So if the Old River Control Structure is the biggest risk, won’t opening the spillways relieve the pressure? Not really, because the ORCS is upstream from both spillways! The full force of the Mississippi runs directly at the ORCS which was significantly damaged in the 1973 flood, the last time the Morganza spillway was opened.
Let’s assume the worst and the ORCS is completely compromised and the Mississippi starts to create a new main channel down the Atchafalaya. Since the Morganza spillway is already flooding the Atchafalaya Floodway, most of the people living there have already left. The only real question is whether or not the levees at Morgan City are high enough to withstand the addition flow above the 600,000 cubic feet per second that the Morganza spillway can deliver. I don’t have an answer for that question. Nevertheless, the people problem here shouldn’t be that horrendous.
Moving onto horrendous, the real problem will be when the Mississippi flow drops back to normal levels. The big question will be: Is there enough water to keep all of the shipping ports from New Orleans to Baton Rouge open? The risk here is enormous. It’s estimated that 60% of the grain exports from the US travel out the Mississippi. If the Mississippi is closed, the effect on food prices will be staggering in both directions. Outside of North America, the price of food will skyrocket, and we have already seen food riots, not to mention good old-fashioned political riots. In North America some very strange things will happen. Many farmers will be unable to find buyers. From the mid-West, the best way out is through the Great Lakes and the St Lawrence Seaway, but the Great Lake ports don’t have the capacity to store and load anything close to the Louisiana ports. For example, corn in Iowa will be practically worthless. Corn in Savanna, Georgia will be worth the price of gold (OK, maybe a slight exaggeration). Location, location, location. Speaking of location, what would the price be in the trading pits in Chicago? Depending on the terms of the contracts, it could collapse.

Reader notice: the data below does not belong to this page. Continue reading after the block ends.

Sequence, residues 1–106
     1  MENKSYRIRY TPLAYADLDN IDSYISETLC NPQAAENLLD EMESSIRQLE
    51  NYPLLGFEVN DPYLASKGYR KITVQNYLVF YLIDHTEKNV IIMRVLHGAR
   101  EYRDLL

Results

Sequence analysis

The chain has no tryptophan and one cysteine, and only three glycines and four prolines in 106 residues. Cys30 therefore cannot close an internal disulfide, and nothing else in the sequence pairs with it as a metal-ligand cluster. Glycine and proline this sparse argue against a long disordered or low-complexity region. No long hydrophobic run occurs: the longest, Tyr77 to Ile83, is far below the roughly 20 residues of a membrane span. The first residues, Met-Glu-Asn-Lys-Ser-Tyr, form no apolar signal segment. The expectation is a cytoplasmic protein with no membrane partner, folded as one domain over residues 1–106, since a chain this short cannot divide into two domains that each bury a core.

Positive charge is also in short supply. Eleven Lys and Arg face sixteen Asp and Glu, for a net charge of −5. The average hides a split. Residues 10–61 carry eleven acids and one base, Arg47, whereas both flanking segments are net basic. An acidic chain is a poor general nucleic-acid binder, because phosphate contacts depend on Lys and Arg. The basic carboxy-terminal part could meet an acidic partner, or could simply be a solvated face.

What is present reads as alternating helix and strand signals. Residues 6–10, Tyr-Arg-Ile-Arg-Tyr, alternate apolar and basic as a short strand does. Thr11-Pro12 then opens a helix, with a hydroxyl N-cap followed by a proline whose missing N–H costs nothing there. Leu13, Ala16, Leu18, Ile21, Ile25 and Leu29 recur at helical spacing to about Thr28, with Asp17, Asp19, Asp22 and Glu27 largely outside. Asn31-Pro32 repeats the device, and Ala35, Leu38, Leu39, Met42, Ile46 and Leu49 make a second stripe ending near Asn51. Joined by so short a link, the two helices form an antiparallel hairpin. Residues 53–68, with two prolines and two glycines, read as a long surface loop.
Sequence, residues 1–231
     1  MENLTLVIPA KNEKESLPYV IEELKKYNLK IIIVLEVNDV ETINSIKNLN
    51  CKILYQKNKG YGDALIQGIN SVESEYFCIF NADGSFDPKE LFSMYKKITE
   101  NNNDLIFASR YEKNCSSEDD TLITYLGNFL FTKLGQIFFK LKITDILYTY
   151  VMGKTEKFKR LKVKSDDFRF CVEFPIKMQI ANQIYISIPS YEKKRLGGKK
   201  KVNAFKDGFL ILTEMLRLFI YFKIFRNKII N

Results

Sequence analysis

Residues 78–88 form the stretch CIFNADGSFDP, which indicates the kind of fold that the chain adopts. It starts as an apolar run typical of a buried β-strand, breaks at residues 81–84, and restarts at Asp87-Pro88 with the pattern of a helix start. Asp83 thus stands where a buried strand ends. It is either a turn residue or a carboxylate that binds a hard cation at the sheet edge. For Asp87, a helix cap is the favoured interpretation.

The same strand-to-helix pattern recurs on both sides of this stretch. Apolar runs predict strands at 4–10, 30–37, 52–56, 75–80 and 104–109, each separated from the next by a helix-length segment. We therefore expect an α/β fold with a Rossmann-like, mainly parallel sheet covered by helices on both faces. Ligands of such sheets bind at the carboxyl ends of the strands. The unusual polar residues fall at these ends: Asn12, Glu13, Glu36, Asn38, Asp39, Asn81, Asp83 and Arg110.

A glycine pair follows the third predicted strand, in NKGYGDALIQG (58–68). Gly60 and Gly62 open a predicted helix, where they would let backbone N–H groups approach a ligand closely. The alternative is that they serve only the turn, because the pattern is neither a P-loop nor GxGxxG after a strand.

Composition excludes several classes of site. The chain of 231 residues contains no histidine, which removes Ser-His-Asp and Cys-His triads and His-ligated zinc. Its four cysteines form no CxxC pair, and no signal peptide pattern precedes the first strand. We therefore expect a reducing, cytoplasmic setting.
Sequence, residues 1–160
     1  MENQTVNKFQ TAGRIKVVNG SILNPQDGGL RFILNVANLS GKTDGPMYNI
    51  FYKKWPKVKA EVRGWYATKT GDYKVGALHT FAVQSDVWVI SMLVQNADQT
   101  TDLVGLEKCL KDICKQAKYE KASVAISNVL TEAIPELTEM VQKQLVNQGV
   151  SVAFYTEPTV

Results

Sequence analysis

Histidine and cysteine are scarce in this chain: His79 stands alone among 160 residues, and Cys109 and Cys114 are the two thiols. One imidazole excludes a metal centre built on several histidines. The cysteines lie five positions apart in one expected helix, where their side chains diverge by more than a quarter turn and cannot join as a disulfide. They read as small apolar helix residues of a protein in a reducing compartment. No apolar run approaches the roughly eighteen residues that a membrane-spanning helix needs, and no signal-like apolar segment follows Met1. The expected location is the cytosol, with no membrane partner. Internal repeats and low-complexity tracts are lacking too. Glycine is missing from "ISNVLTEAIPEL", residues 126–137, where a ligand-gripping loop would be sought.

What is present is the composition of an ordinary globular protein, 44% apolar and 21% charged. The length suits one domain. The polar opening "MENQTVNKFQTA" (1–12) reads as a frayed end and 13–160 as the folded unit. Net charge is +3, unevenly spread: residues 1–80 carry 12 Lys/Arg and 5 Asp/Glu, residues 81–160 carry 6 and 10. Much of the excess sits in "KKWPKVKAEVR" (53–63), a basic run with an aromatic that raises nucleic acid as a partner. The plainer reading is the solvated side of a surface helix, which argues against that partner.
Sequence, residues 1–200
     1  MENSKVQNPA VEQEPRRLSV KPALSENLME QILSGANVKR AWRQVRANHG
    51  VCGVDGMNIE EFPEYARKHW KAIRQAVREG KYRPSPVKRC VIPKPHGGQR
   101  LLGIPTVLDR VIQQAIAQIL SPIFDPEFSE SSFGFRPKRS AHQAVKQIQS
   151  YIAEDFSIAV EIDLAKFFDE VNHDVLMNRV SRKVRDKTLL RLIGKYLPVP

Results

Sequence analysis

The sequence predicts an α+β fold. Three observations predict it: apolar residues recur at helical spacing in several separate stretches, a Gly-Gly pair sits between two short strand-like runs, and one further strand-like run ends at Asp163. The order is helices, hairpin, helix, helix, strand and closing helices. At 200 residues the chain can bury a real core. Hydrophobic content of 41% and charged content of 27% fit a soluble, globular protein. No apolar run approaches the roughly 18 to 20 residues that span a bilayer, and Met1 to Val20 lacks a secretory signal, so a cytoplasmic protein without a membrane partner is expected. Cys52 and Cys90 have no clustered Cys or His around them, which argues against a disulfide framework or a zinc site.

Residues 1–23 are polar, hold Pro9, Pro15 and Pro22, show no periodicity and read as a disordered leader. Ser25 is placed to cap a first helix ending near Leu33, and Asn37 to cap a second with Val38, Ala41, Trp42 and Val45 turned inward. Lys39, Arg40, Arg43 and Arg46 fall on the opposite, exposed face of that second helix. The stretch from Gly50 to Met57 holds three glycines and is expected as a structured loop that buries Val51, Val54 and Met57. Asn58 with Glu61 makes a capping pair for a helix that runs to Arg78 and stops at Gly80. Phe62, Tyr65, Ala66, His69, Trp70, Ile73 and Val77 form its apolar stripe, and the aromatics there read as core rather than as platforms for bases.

Next, oil and refined products. There are huge refineries along the Mississippi. In Baton Rouge, Exxon runs the second biggest refinery in the country. Their capacity is 500,000 barrels a day, most of which seems to come from pipelines because they stated production could be reduced to 400,000 barrels a day because tankers cannot dock. On the other hand do some of these pipelines cross the Atchafalaya Basin which could be scoured out by massive water flow? Either way refined products couldn’t be barged up the Mississippi in the worst case. I think the safest investment thought is that the price of refined oil products will jump. How you want to play that is your call.
I think I have built an obvious case that we cannot let the Mississippi create a new channel. So now the question is how long will it take to seal off the new channel? Remember the helicopters dropping sandbags on the broken levee in New Orleans? Forget that solution. It will take boulders, tens of thousands of huge truck loads to work across the breach, and of course the delta has no rock quarries. The rock will have to be trucked in from a distance. It can be done, it will be done, but will it be done before creating a global food crisis? That I do not know.
I am not predicting a failure of the Old River Control Structure, but the surge coming next week will test it, as strongly as 1973, if not worse. Can levees in critical spots fail? Katrina proved that. I doubt the ORCS will fail next week, but the chances are above zero. Minyanville prides itself on being early. My advice is to pay attention, but be careful not to overreact. The worst case can be fixed, but the press and the markets will go nuts in the mean time. The first time you hear the words “Old River Control Structure” on CNBC it will time to start paying close attention.